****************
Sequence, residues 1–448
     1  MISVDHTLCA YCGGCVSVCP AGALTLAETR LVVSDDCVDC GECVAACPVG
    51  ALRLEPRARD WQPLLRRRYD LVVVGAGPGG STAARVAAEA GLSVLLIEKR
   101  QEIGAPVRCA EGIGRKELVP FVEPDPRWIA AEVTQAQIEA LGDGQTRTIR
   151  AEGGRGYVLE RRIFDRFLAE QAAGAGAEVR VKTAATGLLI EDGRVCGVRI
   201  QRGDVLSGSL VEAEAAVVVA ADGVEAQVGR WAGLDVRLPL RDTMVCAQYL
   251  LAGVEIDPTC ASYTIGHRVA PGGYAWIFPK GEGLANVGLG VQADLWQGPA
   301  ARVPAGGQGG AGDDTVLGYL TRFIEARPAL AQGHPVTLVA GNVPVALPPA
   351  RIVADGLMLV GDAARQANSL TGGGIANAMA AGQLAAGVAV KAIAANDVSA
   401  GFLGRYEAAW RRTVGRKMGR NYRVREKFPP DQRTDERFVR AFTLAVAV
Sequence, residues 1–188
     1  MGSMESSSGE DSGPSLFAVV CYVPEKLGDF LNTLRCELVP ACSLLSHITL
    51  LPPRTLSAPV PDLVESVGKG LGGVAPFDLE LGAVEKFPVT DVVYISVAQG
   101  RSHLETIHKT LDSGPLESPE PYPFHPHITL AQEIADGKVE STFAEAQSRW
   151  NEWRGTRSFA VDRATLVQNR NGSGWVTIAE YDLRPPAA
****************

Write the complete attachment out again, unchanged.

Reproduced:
Sequence, residues 1–448
     1  MISVDHTLCA YCGGCVSVCP AGALTLAETR LVVSDDCVDC GECVAACPVG
    51  ALRLEPRARD WQPLLRRRYD LVVVGAGPGG STAARVAAEA GLSVLLIEKR
   101  QEIGAPVRCA EGIGRKELVP FVEPDPRWIA AEVTQAQIEA LGDGQTRTIR
   151  AEGGRGYVLE RRIFDRFLAE QAAGAGAEVR VKTAATGLLI EDGRVCGVRI
   201  QRGDVLSGSL VEAEAAVVVA ADGVEAQVGR WAGLDVRLPL RDTMVCAQYL
   251  LAGVEIDPTC ASYTIGHRVA PGGYAWIFPK GEGLANVGLG VQADLWQGPA
   301  ARVPAGGQGG AGDDTVLGYL TRFIEARPAL AQGHPVTLVA GNVPVALPPA
   351  RIVADGLMLV GDAARQANSL TGGGIANAMA AGQLAAGVAV KAIAANDVSA
   401  GFLGRYEAAW RRTVGRKMGR NYRVREKFPP DQRTDERFVR AFTLAVAV
Sequence, residues 1–188
     1  MGSMESSSGE DSGPSLFAVV CYVPEKLGDF LNTLRCELVP ACSLLSHITL
    51  LPPRTLSAPV PDLVESVGKG LGGVAPFDLE LGAVEKFPVT DVVYISVAQG
   101  RSHLETIHKT LDSGPLESPE PYPFHPHITL AQEIADGKVE STFAEAQSRW
   151  NEWRGTRSFA VDRATLVQNR NGSGWVTIAE YDLRPPAA